A POWERFUL REPRESENTATION|
13003. SCROLL PAINTING OF THE BUDDHIST GUARDIAN ACALA. Japan, Meiji Period, late 19th century. Hanging scroll, ink on silk. Signed ‰πÖÈÅ† (Kuon or Kudo) but I have not deciphered the stylized character used for the seal. Depicting the fanged blue guardian demon holding a sword erect in his right hand, a noose in his left hand and the golden lotus flower of enlightenment on the crown of his head. The painting 42 x 16 inches on a 74 x 21 inch scroll. Unfortunate damp stains but otherwise generally excellent condition. Signed Kuon/Kudo and sealed. Provenance: Acquired in Tokyo in the early 1960's by the current owner. Full view. Closer. Even closer. Artist's signature.
Acala (Sanskrit: "immovable") is a dharmapala primarily revered in Vajrayana Buddhism, particularly in Tangmi in Japan, China and elsewhere. He is classed among the Wisdom Kings and preeminent among the Five Wisdom Kings of the Womb Realm. Accordingly, his figure occupies an important hierarchical position in the pictorial diagramatic Mandala of the Two Realms. In Japan, Acala is revered in the Shingon Buddhism, Tendai, Zen, Nichiren Buddhism and in Shugend≈ç. Descriptions of his physical appearance derive from such scriptural source as the Mahavairocana Tantra (Â§ßÊó•Áµå Dainichiky≈ç?) and its annotation.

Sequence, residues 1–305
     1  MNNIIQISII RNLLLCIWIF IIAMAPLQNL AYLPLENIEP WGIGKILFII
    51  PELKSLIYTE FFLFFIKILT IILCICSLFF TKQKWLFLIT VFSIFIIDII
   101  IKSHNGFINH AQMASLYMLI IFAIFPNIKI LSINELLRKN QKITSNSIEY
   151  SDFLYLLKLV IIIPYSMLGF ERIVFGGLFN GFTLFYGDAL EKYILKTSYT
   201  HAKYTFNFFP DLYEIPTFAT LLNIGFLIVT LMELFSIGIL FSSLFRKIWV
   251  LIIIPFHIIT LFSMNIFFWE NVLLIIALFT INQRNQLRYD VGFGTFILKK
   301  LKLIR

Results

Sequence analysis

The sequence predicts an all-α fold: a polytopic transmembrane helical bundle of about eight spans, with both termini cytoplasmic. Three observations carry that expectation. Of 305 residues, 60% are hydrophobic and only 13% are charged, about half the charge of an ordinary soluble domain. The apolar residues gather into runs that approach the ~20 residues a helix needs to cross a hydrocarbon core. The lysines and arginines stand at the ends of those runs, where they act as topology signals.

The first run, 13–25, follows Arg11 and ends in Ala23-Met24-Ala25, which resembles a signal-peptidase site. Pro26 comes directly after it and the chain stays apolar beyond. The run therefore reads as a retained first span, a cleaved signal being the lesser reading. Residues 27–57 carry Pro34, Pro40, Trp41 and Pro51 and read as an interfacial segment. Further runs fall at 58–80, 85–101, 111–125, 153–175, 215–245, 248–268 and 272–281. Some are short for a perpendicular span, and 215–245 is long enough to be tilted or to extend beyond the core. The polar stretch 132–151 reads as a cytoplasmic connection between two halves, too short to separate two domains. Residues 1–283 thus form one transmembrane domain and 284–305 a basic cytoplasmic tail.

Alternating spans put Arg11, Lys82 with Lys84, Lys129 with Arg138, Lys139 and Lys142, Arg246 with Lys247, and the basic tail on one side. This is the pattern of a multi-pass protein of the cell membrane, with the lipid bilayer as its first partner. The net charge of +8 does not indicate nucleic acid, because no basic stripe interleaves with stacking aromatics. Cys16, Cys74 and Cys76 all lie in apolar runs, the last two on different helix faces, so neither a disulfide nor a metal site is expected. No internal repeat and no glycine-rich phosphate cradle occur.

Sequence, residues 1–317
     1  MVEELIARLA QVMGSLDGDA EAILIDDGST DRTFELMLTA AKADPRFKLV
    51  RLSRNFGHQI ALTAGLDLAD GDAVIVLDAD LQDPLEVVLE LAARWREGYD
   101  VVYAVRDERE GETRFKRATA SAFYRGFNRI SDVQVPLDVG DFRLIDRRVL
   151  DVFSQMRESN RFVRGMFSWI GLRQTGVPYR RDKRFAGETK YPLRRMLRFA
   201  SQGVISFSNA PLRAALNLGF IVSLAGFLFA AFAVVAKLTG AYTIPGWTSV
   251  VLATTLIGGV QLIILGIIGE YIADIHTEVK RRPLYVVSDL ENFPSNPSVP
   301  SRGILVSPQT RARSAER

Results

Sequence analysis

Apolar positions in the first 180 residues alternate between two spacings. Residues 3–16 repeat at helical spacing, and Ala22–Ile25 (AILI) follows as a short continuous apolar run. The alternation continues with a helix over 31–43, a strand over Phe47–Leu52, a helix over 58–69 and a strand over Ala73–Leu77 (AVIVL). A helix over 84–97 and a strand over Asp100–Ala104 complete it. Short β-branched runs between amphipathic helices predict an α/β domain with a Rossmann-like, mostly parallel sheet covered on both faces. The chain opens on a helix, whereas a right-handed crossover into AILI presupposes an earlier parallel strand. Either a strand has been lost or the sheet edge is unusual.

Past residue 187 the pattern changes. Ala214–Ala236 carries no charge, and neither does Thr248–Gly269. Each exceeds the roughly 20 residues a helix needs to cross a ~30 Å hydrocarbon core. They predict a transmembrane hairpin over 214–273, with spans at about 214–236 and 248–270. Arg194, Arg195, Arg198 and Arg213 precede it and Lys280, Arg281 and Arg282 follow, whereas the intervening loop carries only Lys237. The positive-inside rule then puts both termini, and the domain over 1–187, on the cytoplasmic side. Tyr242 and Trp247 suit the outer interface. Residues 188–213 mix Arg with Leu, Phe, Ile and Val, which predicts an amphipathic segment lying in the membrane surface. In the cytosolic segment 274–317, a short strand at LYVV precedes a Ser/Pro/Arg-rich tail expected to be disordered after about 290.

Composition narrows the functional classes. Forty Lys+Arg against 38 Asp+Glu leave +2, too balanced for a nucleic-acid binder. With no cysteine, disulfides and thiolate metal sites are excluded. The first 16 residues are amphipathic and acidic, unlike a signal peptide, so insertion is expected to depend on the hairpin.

His face is expressive of extreme wrath, wrinkle-browed,left eye squinted or looking askance, lower teeth biting down the upper lip. He has the physique of a corpulent (round-bellied) child. He bears a sword in his right hand, and a lariat or noose (ÁæÇÁ¥¢ kensaku?) in his left hand. He is engulfed in flame, and seated on a huge rock base (Áõ§Áü≥Â∫ß banjakuza?).
Acala is said to be a powerful deity who protects all the living (Ë°ÜÁîü shuj≈ç?) by burning away all impediments antarƒÅya (ÈöúÈõ£ sh≈çnan?) and defilements, thus aiding them towards enlightenment. sh≈çnan In Japanese esoteric Buddhism, according to an arcane interpretive concept known as the three cakra bodies (‰∏âËº™Ë∫´ san rinjin?) Acala and the rest of the five wisdom kings are considered embodiments of the wheel of injunction (Êïô‰ª§Ëº™Ë∫´ ky≈çry≈ç tenshin?), or beings whose actions constitute the teaching of the law (the other embodiments teach by word, or merely by their manifest existence). Under this conceptualization, the wisdom kings are ranked superior to the dharmapala (Ë≠∑Ê≥ïÂñÑÁ•û goh≈ç zenshin?), a different class of guardian deities.